FT Boston Run Benefiting “One Fund” is a Huge Success

ft boston run

The Fitness Together Boston Run was a huge success and raised over $3,000 for the “One Fund” to benefit the victims of the Boston Marathon attacks. As a collective “FT Boston”, the group ran (or walked) to each Fitness Together Boston studio location on May 11, 2013. Each studio welcomed runners and walkers with water and fuel during our trek through the city! The total course length was 3.5 miles. Afterwards, everyone came back to Fitness Together North End where we had refreshments, silent auction items, chair massages & more!


North End BINGO Fundraiser Honors Resident and Marathon Survivor Roseann Sdoia

From the left, Shores Salter, Nick Verrocchi, Laurie D’Elia, Roseann Matarazzo and Roseann Sdoia.

North End BINGO fans came out on Sunday afternoon to the Nazzaro Community Center for one of our own, Roseann Sdoia. Seriously injured in the Boston Marathon bombings, the North End resident had to have part of her leg amputated. After being released from Spaulding Rehabilitation Hospital last week, Roseann was able to attend the BINGO fundraiser in her honor. Also attending was Shores Salter, the hero that helped Roseann on the day of the attacks.

The event raised over $8,500 for Roseann’s recovery. The fundraiser was organized by Roseann Matarazzo with help from Laurie D’Elia and Nick Verrocchi. Gift certificates and donations were also contributed by many neighborhood businesses and people including My Cousin’s Place, Tresca, Regina’s, Carmelina’s, Vito’s, Strega’s, Artu, Pagliuca’s, Pauli’s, Bangs of Boston, Gina Lupo (Umberto’s), Mary Ann Simonelli Foti (E.B. Horn), Adeline Ameno, Lucia’s, Boston Barber Co., Matter Of Face, Antico Forno, Terramia, Massimino’s, Benevento’s, Gennaro’s, Cafe Florentine, Cafe Vittoria, Limoncello, Boston CoCoa Nuts, Dolores’ Skin Care, Michael Anderson (Red Sox Tix), Billy Tse North End, Carla Ascione (NKOTB), Pasta Beach, Fascino Salon, Aria, Hanover Liquors (Joe G.), Balance Salon, Ducali, Amici, Mangia’s, CobbleStone, Rosanna Pantaleo (wine), Pompeii, Nino Trotta (wine), Debbie Lilmuse (candles), Geno Colafello, Mike Romano (Red Sox Jersey), St. Anthony’s Club (Oil) Mike’s Pastry, Parziale’s Bakery, LuLu’s Candy Shop, Flora Matarazzo, Michelle Tirella & ReRe, Dee (1-800-Flowers), St. Lucy, St. Anthony’s Society, Madonna Della Cava, Sulmona Club, Linda Riccio, Nick Varano, Carla Nazzaro DiOrio, Laurie D’Elia, Olivia Costa Scimeca, Nazzaro Center Kids, The Seniors (Ida-President), Carl Ameno, Kim Garofalo. Sabrina Dello Russo and the North End firefighters. It was also announced that State Rep. Aaron Michlewitz added a $1,000 contribution to Roseann’s recovery fund.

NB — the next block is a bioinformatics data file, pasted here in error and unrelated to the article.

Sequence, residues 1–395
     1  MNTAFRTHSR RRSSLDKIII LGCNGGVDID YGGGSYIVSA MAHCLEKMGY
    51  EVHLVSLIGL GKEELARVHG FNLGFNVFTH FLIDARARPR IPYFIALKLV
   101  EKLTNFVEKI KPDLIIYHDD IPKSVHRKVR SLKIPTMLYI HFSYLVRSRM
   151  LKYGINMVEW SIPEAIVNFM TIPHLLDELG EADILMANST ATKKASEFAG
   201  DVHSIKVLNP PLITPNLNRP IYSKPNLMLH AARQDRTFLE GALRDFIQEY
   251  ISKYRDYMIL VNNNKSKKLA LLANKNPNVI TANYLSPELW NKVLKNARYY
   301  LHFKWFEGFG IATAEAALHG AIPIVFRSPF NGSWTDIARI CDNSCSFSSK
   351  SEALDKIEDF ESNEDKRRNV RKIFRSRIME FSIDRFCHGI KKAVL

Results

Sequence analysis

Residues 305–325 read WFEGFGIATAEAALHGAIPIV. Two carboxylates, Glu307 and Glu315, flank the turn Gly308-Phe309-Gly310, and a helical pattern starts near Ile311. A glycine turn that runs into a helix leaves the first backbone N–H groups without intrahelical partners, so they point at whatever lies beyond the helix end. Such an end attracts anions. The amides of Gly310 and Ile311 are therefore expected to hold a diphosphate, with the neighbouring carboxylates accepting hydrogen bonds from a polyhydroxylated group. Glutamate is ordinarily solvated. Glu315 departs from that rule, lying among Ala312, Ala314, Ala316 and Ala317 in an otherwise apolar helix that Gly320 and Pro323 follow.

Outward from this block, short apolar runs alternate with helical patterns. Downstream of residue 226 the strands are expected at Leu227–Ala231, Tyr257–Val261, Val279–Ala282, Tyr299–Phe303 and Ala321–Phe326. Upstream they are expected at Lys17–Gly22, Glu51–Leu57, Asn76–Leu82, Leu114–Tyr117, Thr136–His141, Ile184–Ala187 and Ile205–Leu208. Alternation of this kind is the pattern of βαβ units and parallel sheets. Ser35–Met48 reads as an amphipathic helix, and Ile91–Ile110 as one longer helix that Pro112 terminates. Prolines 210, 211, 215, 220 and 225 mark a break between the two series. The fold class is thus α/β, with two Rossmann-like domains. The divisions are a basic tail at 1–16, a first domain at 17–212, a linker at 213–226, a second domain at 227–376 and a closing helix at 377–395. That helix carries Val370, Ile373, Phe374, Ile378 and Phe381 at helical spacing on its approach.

Keep up to date with Roseann through her Recovery Page at

It was an overflow BINGO crowd for the fundraiser at the Nazzaro Community Center.
Roseann presented a “Boston Strong” Red Sox jersey to her hero, Shores Salter.

See more posts about Roseann Sdoia and the Marathon Bombings.

Photos by Matt Conti.

NY Times Profiles Elena Barbera, Climbing for a Cause

Photo: Gretchen Erti for the New York Times

We recently profiled “Eliot School Mom” and Charlestown resident, Elena Barbera, about how she was climbing Bunker Hill Monument for a month to raise money for the 14 victims of the Boston Marathon attacks who are now amputees.

Friday’s New York Times features Elena and her efforts:

Elena Barbera, a writer who has lived in Boston for 14 years, climbs it every morning to look over a city slowly recovering from the Boston Marathon bombings, which, about one month ago, killed three people and injured more than 260.

“I’m not trying to beat any fitness records — I just have to get to the top every day,” said Ms. Barbera, a slight 39-year-old who is ascending the 294 steps of the monument’s stone spiral staircase for 30 days straight to raise money for the marathon attack’s amputees.

Continue reading at the New York Times.

North Ender Becca Griffin is organizing folks to climb with Elena and can be contacted at

Elena’s campaign has raised over $8,000 as of this writing. See more information and how to donate here.

North End’s Roseann Sdoia Gets Fire Department Escort Home After Release From Hospital

Roseann Sdoia, a North End resident that was severely injured in the Boston Marathon bombings, was released from the Spaulding Rehabilitation Hospital on Tuesday. She received a Fire Department escort home from Charlestown back to the North End. Roseann spoke about her recovery, shown in the TV news video below, at a press conference accompanied by the “guardian angels” that helped her on the day of the bombings. More updates on Roseann at her Recovery Fund website.